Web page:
2nd Quarter 2012

Theme Issue Overview: Public Sector Options for Creating Jobs

Stephan J. Goetz
JEL Classifications: H53, J08
Keywords: Community Business Matching, Employment, Entrepreneurship, Gaps and Disconnects, Jobs Policy, Skills Distribution

In a recent Boston Globe op ed article, “Is the ‘Governor Effect’ Real?,” Harvard University economist Edward Glaeser (2011) asks whether elected state officials have the power to influence the trajectory of job growth within their states. Glaeser questions one governor’s claim that he is responsible for the substantial job growth in his state. Using a comparative statistical analysis, he estimates the “Governor effect” on employment growth to be less than one-tenth of 1%. This means that the governor in question merely kept the economy on its natural employment growth path, and that his performance was more or less on par with what would have been expected for the state’s economy based on its inherent historical growth momentum.

Expectations are also high that presidents have the power to lower persistently high unemployment rates through carefully crafted national policy. Yet presidents usually inherit economic conditions that are beyond their control and just as the current President has limited influence over prices at the gas pump, his options for creating new jobs are limited. Furthermore, although there are rare exceptions, public sector leaders generally have difficulty “picking winners” when they engage in industrial recruitment or targeting activities. As a result, most economists favor general policies that benefit all consumers and firms in a community—such as efficient public services, supportive business environments and encouraging innovation and entrepreneurship—over preferential taxes or financial subsidies for specific industries (Weinstein and Partridge 2011).

Recognizing these caveats and limitations, faculty and educators within the Land Grant University system have identified specific economic development strategies that not only can be implemented by the public sector—they are feasible—but that also promise to deliver tangible results. This Choices theme issue outlines ideas for communities struggling with on-going lackluster jobs recovery. The authors present concrete strategies available to policymakers with the potential to enhance job growth in American communities in a sustainable manner.

In particular, the articles by Loveridge et al. and Marshall focus on entrepreneurship within communities, describing both specific approaches and why the uptake of promising approaches sometimes lags behind. Deller examines how analysis of so-called gaps and disconnects within a community can be used to identify strategic opportunities for local entrepreneurs to supply goods and services that are currently imported.

Harris and co-authors describe a process in which community desires and preferences are matched with strategic location features sought by firms, producing an index of desirability and compatibility. Providing an important reality check, Gabe et al. outline the limits to economic activity that are imposed by lagging workforce skills in remote and sparsely-populated rural areas. Finally, Hutcheson and Morrison describe a novel community-level approach that goes one step beyond strategic planning, and they provide concrete results related to job creation from a project in Indiana.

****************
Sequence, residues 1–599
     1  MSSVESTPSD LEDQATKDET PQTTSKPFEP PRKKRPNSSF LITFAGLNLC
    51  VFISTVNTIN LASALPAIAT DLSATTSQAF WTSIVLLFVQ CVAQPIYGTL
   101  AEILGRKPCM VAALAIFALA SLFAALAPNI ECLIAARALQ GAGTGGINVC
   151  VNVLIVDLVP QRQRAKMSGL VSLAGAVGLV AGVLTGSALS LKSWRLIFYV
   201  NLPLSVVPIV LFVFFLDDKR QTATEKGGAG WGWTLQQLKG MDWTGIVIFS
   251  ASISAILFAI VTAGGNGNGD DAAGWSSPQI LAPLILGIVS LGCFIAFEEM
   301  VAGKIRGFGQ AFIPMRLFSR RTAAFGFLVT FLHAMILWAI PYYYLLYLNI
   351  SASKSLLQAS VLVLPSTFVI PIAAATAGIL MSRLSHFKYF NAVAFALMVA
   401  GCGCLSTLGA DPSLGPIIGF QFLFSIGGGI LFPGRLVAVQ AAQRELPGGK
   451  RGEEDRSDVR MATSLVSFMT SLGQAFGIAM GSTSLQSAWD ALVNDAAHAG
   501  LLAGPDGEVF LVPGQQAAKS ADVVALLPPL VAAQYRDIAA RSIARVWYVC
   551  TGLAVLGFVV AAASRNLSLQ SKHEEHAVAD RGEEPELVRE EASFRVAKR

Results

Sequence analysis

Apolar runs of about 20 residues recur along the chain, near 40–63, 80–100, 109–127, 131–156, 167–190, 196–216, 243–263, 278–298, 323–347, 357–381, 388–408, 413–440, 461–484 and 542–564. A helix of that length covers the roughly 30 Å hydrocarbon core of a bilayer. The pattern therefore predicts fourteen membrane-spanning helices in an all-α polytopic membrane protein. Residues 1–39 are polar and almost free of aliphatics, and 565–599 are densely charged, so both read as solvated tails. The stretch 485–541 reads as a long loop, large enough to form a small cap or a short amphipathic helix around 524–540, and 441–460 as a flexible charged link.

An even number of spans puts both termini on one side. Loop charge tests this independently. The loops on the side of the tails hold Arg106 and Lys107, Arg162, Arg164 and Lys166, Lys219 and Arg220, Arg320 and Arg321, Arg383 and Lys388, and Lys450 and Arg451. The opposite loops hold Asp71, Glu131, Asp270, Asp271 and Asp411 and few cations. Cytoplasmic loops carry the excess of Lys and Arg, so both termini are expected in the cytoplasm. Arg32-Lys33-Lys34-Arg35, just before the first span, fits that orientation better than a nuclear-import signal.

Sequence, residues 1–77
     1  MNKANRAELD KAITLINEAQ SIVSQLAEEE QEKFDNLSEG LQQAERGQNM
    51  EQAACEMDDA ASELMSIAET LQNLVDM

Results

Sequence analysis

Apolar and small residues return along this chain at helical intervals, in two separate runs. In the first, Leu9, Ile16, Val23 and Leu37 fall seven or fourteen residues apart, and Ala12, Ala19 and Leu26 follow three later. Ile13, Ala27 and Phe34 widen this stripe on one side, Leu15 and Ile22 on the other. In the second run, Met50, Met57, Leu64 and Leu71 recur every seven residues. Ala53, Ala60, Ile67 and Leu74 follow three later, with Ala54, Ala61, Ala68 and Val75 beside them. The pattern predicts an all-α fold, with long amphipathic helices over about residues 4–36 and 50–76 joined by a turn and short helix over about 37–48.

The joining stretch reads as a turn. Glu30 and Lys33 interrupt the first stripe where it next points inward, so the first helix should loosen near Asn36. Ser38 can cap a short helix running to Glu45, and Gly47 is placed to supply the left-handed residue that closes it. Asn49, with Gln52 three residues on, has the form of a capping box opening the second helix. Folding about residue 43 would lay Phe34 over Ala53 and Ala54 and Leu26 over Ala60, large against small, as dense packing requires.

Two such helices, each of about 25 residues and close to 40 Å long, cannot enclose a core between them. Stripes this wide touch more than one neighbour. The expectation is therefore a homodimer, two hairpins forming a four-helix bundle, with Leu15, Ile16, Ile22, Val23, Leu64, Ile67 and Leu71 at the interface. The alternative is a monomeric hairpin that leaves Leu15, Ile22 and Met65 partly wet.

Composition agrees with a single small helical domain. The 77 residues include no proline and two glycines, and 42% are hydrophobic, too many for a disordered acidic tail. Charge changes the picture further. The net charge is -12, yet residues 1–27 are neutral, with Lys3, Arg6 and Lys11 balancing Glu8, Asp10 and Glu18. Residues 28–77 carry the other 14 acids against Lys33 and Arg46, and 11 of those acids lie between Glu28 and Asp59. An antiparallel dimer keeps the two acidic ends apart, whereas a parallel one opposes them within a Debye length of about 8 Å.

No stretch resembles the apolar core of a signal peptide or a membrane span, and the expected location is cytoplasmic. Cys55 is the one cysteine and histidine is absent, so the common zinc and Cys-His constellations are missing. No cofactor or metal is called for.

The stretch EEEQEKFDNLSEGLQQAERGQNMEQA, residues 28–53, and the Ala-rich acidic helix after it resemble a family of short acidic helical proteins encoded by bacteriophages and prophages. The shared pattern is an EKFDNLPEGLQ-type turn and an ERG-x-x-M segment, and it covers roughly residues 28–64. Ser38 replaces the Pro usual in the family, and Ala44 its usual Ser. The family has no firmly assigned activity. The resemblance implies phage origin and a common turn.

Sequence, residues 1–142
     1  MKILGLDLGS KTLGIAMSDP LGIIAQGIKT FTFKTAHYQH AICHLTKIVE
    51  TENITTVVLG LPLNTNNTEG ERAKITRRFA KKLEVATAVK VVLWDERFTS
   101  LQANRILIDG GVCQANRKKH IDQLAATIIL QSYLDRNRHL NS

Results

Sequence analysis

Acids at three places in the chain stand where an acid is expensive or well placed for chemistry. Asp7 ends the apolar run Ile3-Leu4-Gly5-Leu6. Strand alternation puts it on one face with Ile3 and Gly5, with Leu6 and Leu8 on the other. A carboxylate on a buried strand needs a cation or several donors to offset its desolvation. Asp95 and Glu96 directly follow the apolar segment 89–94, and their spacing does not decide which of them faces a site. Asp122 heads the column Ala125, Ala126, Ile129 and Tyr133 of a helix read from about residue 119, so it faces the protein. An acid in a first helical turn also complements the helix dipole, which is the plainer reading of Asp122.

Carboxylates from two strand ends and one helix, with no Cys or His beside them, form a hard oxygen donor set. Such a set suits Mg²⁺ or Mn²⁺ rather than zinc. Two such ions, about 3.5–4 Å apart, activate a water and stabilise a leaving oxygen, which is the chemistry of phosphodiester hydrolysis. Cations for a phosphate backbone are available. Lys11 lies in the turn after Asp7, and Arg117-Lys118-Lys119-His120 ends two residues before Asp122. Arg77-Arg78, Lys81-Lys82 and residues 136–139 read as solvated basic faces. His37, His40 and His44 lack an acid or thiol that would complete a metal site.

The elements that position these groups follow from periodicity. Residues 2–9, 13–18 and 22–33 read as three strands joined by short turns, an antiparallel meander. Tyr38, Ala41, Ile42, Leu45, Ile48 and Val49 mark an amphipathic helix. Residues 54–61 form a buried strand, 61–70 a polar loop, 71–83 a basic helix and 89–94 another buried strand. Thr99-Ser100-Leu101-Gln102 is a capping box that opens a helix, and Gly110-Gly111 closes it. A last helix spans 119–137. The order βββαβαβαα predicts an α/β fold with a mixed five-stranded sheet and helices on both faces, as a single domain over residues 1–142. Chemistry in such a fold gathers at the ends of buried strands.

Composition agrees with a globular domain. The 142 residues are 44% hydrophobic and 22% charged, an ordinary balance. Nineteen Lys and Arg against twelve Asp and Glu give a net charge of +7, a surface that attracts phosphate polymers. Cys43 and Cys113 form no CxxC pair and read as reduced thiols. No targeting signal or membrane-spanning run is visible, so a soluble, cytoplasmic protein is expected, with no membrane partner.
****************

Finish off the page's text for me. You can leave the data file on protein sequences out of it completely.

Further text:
For More Information

Bassano, L.V. and McConnon, J.C. (2008). Strengthening Entrepreneurship and Building Leadership Capacity in Rural Communities. Journal of Extension, 46(2). Available online: http://www.joe.org/joe/2008april/a1.php (accessed May 19, 2012).

Bassano, L.V. and McConnon, J.C. (2012). Enhancing the Land Grant University’s Role in Creating Economic Opportunity through Community-Based Entrepreneurship. In: Liang, K. and Goetz, S.J. (Eds), Proceedings of the Entrepreneurship and Community Development in the Northeast Conference, University Park, PA: The Northeast Regional Center for Rural Development, pp. 32-41. Available online: http://nercrd.psu.edu/Publications/rdppapers/rdp52.pdf (accessed May 19, 2012).

Glaeser, E.L. (2011, September 8). Is the ‘Governor Effect’ Real? Boston Globe. Available online: http://articles.boston.com/2011-09-08/bostonglobe/30131229_1_governor-perry-texas-model-private-job-growth (accessed May 19, 2012).

Goetz, S.J., Fleming, D.A. and Rupasingha, A. (in press). The Economic Impacts of Self-Employment. Journal of Agricultural and Applied Economics, 44(3).

Goetz, S.J., Deller, S., and Harris, T. (2009). (eds), Targeting Regional Economic Development, Abingdon, Oxon, UK: Routledge/Taylor and Francis Group.

Goetz, S.J., Partridge, M.D., Rickman, D.S. and Majumdar, S. (2011). Sharing the Gains of Local Economic Growth: Race to the Top vs. Race to the Bottom Economic Development. Environment and Planning C: Government and Policy, 29(3): 428-456.

Weinstein A.L. and Partridge, M.D. (2011). How Can Struggling Communities Make a Comeback? AEDE Extension, Ohio State University. Available online: http://aede.osu.edu/sites/drupal-aede.web/files/Comeback%20Cities%20June%2015.pdf

http://aede.osu.edu/sites/drupal-aede.web/files/Comeback%20Cities%20June%2015.pdf (accessed May 19, 2012).

Stephan J. Goetz (sgoetz@psu.edu) is Professor of Agricultural and Regional Economics and Director of the Northeast Regional Center for Rural Development at Penn State University, University Park, Pennsylvania.

This theme issue was prepared on behalf of The Council on Food, Agricultural and Economics (C-FARE) Blue Ribbon Panel on Economic Opportunities in Rural Communities. Goetz is the vice-Chair of this panel.